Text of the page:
Romanian lawyers are called “Avocati”. A large percentage of lawyers in Romania are sole practitioners and operate as one single lawyer.

A lawyer in Romania must be a member of the Romanian Bar Association (Uniunea Nationala a Barourilor din Romania). In Romania, you are qualified as an ~Avocati` after you pass your degree and exams.

The role of lawyers in the Romanian justice system is to provide legal representation to clients in court proceedings.

Lawyers also provide legal advice to clients on various legal matters such as contracts, property rights, family law, criminal law, and more.


Qualifications and Education for Lawyers in Romania:

Becoming a lawyer in Romania requires dedication and a rigorous educational journey.

Prospective lawyers must complete a comprehensive law school education, covering topics such as constitutional law, civil law, and criminal law.

Law schools and legal education in Romania are regulated by Law no. 238/2004 on the organization and functioning of higher education. There are currently 12 law schools in Romania that offer degrees in law.

After graduation, aspiring lawyers must pass the bar exam and obtain a license to practice law.

Moreover, continuing legal education programs ensure that lawyers stay up-to-date with the latest legal developments.


Responsibilities of Lawyers in Romania:

Lawyers in Romania fulfill a wide range of roles and responsibilities, catering to diverse legal needs.

They provide legal representation and advocacy, supporting clients throughout the legal process.

Whether it’s a civil dispute, criminal case, or family matter, lawyers stand by their clients, fighting for their rights and interests.

Moreover, lawyers offer legal advice and counseling, helping individuals and businesses understand their rights and obligations under the law.

They also play a crucial role in drafting and negotiating contracts, ensuring that agreements are legally sound and protect their clients’ interests.

In cases of disputes, lawyers are skilled in litigation and dispute resolution, using their legal expertise to seek fair resolutions.

In the corporate world, lawyers provide a range of legal services, including mergers and acquisitions, compliance, and contract review.

They also handle criminal defense and prosecution, tirelessly working to ensure justice is served.

When it comes to matters of family law and estate planning, lawyers offer guidance on divorce, child custody, and wills.

Additionally, lawyers specializing in intellectual property and technology law protect the rights of creators and innovators.


Ethical Standards and Professional Conduct:

Romanian Lawyers adhere to a strict code of ethics and professional conduct.

When it comes to the role of lawyers in Romania, maintaining ethical standards and professionalism is essential.

Confidentiality and attorney-client privilege are paramount, ensuring clients can trust their lawyers with sensitive information.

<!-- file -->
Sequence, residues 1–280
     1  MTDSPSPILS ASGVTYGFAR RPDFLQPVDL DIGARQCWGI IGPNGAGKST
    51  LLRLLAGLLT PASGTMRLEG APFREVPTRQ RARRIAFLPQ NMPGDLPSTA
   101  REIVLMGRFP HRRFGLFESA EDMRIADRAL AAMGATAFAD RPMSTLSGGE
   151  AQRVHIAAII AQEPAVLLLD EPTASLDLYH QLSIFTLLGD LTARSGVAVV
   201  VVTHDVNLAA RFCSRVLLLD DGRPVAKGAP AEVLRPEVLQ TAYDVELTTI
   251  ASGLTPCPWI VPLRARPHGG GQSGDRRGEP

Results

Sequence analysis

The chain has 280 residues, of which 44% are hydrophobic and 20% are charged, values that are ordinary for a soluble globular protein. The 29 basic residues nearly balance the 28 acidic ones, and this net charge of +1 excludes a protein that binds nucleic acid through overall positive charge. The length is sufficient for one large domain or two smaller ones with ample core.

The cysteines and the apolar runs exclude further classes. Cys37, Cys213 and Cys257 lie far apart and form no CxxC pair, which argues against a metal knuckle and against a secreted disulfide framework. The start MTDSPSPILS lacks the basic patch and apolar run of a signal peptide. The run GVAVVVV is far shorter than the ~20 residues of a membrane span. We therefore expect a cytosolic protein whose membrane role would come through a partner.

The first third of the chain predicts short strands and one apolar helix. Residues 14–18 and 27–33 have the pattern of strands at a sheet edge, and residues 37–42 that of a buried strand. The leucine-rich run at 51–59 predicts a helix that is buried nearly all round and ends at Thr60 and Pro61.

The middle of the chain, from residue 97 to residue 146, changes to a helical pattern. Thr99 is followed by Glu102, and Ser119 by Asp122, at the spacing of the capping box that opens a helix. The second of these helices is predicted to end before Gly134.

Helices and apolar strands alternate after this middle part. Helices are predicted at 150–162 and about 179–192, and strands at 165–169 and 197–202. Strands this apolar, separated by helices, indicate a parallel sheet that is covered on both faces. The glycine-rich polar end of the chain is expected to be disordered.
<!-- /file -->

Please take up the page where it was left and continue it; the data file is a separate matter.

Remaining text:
The Romanian Lawyer has a duty of loyalty and professional responsibility, acting in the best interests of his clients while avoiding conflicts of interest.

Upholding these ethical standards is vital for maintaining the integrity and credibility of the Romanian legal profession.


Challenges Faced by Lawyers in Romania:

Despite their pivotal role, lawyers in Romania face several challenges.

Backlogs of cases and court delays can hinder access to justice for many individuals.

Furthermore, marginalized communities may struggle to access legal services due to financial constraints or lack of awareness.

Overcoming these challenges requires ongoing legal reforms, increased transparency, and improved access to justice in Romania.


The Future of the Legal Profession in Romania:

Looking ahead, the legal profession in Romania is poised for transformation. Embracing technology and digitalization will streamline legal processes and improve efficiency.

Enhancing legal education and training programs will ensure lawyers are well-equipped to meet the evolving demands of the legal landscape.

Furthermore, strengthening the rule of law and judicial independence will foster trust and confidence in the legal system.

EU law has had a significant impact on the Romanian legal system. As a member of the EU, Romania is subject to EU law which has influenced many areas of Romanian law including competition law, consumer protection law, environmental law, and more.

As Romania continues to be a member of the EU, it will continue to be subject to EU law and its influence on the Romanian legal system will continue to grow.

Lawyers in Romania play a vital role in upholding justice, protecting rights, and guiding individuals and businesses through the complexities of the legal system.

With their expertise and dedication, they provide invaluable services that shape the course of legal proceedings.